However, these activities should be reserved for the absolute brightest people among us, those freak geniuses whose brainpower is needed to push the boundaries of knowledge and discovery further back, and who will stick to their task regardless of the sacrifices it asks of them (such as not having a life).

The problem comes when some idiot decides that anyone and everyone should be allowed to study subjects with no commercial value (or, indeed, any value) at taxpayer expense. The problem is equally bad if people are actively pressured to study garbage at their own expense, rather than doing something more useful. That’s how we end up with 25 year olds with degrees in Media Writing unable to find a job of any kind whatsoever. As Bloke on M4 says in response to Perry:

There’s a great video on YouTube of filmmakers like Terry Gilliam, Werner Herzog and John Carpenter telling people to just make films, not to go to film school.

I’d say that if you want to be a programmer, the best way to learn is install Visual Studio Community, Unity 3D, get a Pluralsight subscription ($30/month) and build a game or an app. Make something you want to make. Something you can try and fail at. Fill in gaps with Google, clubs, forums etc. The only reason to get a degree is to get your foot in the door.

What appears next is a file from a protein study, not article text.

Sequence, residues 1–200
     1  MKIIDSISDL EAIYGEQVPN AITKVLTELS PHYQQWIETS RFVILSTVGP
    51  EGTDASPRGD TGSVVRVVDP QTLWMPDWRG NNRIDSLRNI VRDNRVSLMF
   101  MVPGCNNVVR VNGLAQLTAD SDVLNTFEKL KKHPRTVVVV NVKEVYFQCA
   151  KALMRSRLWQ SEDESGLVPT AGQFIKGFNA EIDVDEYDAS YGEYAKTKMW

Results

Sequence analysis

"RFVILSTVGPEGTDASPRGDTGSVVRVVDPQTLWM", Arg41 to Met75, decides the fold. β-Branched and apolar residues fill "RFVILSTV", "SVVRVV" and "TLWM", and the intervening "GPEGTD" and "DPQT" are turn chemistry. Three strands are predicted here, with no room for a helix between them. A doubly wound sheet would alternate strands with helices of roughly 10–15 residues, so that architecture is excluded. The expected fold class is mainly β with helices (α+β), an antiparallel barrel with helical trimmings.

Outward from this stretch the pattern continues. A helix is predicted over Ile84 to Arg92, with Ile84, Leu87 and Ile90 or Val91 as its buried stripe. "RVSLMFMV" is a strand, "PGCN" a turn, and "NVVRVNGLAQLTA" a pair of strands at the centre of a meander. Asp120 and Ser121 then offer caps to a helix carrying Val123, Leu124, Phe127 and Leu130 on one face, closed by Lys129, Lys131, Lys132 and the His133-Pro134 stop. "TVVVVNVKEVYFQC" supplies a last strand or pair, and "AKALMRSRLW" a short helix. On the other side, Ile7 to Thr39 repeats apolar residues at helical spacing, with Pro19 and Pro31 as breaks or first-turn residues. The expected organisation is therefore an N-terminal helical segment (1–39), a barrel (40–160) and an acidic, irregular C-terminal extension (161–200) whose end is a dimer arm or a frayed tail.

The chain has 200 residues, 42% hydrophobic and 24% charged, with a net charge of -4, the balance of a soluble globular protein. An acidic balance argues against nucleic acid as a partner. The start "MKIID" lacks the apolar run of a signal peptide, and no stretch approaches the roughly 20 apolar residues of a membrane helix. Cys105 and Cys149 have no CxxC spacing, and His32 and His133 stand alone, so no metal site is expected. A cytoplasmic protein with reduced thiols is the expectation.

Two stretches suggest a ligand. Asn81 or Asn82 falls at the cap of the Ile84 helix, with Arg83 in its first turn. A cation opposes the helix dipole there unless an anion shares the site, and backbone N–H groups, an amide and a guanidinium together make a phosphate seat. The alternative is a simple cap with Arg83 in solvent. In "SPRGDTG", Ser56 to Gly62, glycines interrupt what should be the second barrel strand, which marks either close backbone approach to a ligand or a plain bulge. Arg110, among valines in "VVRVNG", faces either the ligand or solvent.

The danger with this approach, although it is sensible, is that large organisations are obsessed with credentials – they’d rather employ someone in HR with no experience and a psychology degree than someone who’s managed people for 20 years but has no formal qualifications.

I’ve written before about how I think bright, young men will begin to shun big organisations and set up on their own, working in 2-5 person outfits, feeding off the bigger players. We might find they start avoiding university, too.

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Not every genius aspires to Oxbridge

Once again Oxford and Cambridge universities are being raked over the coals for not being inclusive enough, this time by race-baiting MP David Lammy.

One of the things which annoys me about these articles, and the fake outrage that underpins them, is the casual assumption that the pinnacle of everyone’s dreams is to go to Oxford or Cambridge. The idea that some extremely bright and talented people might not want to go to either isn’t entertained. As someone commented at Mr Worstall’s:

That’s the thing though isn’t it – people wanting to get in to a different university by choice. Where friends are going, where they liked on a visit, where a particular course is being run, where particular lecturers are based, where particular employers are based. Or simply not far from part of the family.